Dominion Day

Dominion Day was a day commemorating the granting of certain countries Dominion status — that is, "autonomous Communities within the British Empire, equal in status, in no way subordinate one to another in any aspect of their domestic or external affairs, though united by a common allegiance to the Crown, and freely associated as members of the British Commonwealth of Nations.[1] It was an official public holiday in Canada from 1879 to 1982, where it was celebrated on 1 July; that date is now known as Canada Day. In the Dominion of New Zealand, the anniversary of the granting of Dominion status, on 26 September, was observed as Dominion Day; it was never a public holiday.


Crowds on Parliament Hill, Ottawa celebrate Dominion Day, 1927, the 60th jubilee of Canadian confederation
Canadian troops interrupted during a Church Parade on the 50th anniversary of Dominion Day, 1917

Dominion Day (French: Fête du Dominion) was the name of the holiday commemorating the formation of Canada as a Dominion on 1 July 1867. It became an official public holiday in 1879.[2] Some Canadians were, by the early 1980s, informally referring to the holiday as "Canada Day".[3][4] Proponents argued that the name "Dominion Day" was a holdover from the British colonial era.[5] The holiday was formally renamed to Canada Day in 1982 (via private member's bill by MP Hal Herbert to amend the Holidays Act), the year the Constitution of Canada was patriated with the passing of the Canada Act by the British Parliament.[6] Nonetheless, efforts to resurrect the original holiday name persisted for years, including a "Bring Back Our Dominion Day" campaign launched in the pages of a national newspaper.[7]

New Zealand

Programme for the Dominion Day service at Wellington Town Hall

A Dominion Day was occasionally celebrated in New Zealand to commemorate the anniversary of New Zealand becoming a Dominion on 26 September 1907. It was never a public holiday, although the first Dominion Day was a day off for public servants.[8] The first Dominion Day was celebrated with a parade and other festivities in the capital, Wellington. Electric lights decorated Parliament Buildings, spelling out the words "Advance New Zealand".[9] In late morning, the Prime Minister, Sir Joseph Ward read the proclamation from the main steps of Parliament Buildings. Outside of the capital, there were popular military parades in cities such as Auckland. Other places "declined the government’s invitation to be enthusiastic".[8]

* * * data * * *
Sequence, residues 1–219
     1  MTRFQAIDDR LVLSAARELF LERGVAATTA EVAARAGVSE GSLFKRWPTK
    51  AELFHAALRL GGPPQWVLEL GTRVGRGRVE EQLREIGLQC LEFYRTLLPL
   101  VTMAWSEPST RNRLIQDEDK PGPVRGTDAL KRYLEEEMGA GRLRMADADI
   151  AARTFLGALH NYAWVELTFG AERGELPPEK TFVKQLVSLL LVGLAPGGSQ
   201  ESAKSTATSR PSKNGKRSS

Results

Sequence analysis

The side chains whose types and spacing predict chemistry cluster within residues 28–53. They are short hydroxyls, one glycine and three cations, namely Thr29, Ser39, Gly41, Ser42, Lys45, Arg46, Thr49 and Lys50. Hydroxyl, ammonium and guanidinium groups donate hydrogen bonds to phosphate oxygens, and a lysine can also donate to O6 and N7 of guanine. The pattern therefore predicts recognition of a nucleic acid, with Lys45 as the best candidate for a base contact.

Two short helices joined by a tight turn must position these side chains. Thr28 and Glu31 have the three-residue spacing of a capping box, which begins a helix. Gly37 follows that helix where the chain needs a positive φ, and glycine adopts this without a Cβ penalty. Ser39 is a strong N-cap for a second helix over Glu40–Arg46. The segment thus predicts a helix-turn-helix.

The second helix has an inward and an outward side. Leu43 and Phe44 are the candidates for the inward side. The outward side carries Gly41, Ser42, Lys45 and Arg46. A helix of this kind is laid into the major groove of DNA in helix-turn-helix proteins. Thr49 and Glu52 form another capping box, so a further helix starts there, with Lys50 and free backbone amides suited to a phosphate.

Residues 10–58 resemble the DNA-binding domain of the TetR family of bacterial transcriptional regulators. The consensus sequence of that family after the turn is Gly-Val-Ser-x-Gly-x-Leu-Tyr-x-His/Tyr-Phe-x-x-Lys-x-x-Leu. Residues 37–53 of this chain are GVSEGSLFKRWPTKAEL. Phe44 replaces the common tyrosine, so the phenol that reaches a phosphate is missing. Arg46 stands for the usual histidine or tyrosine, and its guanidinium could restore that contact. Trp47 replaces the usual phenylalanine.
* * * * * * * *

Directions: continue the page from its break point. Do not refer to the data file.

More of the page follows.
Dominion Day soon "faded away as a public event" – there were occasional celebrations in the first few years after 1907, mostly in Wellington, but they were mainly formal events that did not capture the attention of the public.[10] There was no strong emotional attachment to the anniversary, because New Zealand's granting of Dominion status passed largely unnoticed as a symbolic change.[10][11] In 1907, the Otago Daily Times called the day "a finger-post in the history of this land, but it is no land-mark".[8] New Zealand historian Keith Sinclair later remarked: "… the change of title, for which there had been no demand, produced little public interest. It was largely regarded as Ward's personal show … it was merely cosmetic".[11]

Today, the Canterbury (South) anniversary day celebration is the fourth Monday in September,[12][13] corresponding to Dominion Day; the holiday is otherwise unobserved in the rest of the country. There has been support in some quarters for the day to be revived as an alternative New Zealand Day, instead of renaming Waitangi Day, New Zealand's current national day.[14]


  1. Balfour Declaration, Clause II
  2. Why We Should Bring Back Dominion Day , HuffPost Canada, 1 July 2014.
  3. "Across Canada/Pro-Canada sign painter has brush with law". The Globe and Mail. 19 November 1977. p. 12.
  4. Cherry, Zena (20 February 1978). "Protocol chiefs gather to discuss their trade". The Globe and Mail. p. 27.
  5. Sibley, Robert (September 1, 2006). "The death of 'Dominion Day'". The Ottawa Citizen. Archived from the original on November 10, 2012. Retrieved July 11, 2011.
  6. Matthew Hayday; Raymond B. Blake (2017). Celebrating Canada: Holidays, National Days, and the Crafting of Identities. University of Toronto Press, Scholarly Publishing Division. p. 19. ISBN 978-1-4426-2154-1.
  7. "Bring Back Our Dominion Day". The Dictionary of Canadian Politics. Parli. 2021. Retrieved 2 April 2021.
  8. "The first Dominion Day". Ministry for Culture and Heritage. Retrieved 15 May 2020.
  9. "Parliament Buildings lit up on Dominion Day, 1907". Retrieved 17 May 2020.
  10. "Demise of Dominion Day". Ministry for Culture and Heritage. Retrieved 15 May 2020.
  11. "Becoming a dominion". Ministry for Culture and Heritage. Retrieved 15 May 2020.
  12. "NZ Public Holidays". Retrieved 17 May 2020.
  13. "Public holidays and anniversary dates". New Zealand Government. Retrieved 17 May 2020.
  14. "Editorial: Dominion Day debate needless - National". The New Zealand Herald. Retrieved 15 January 2016.


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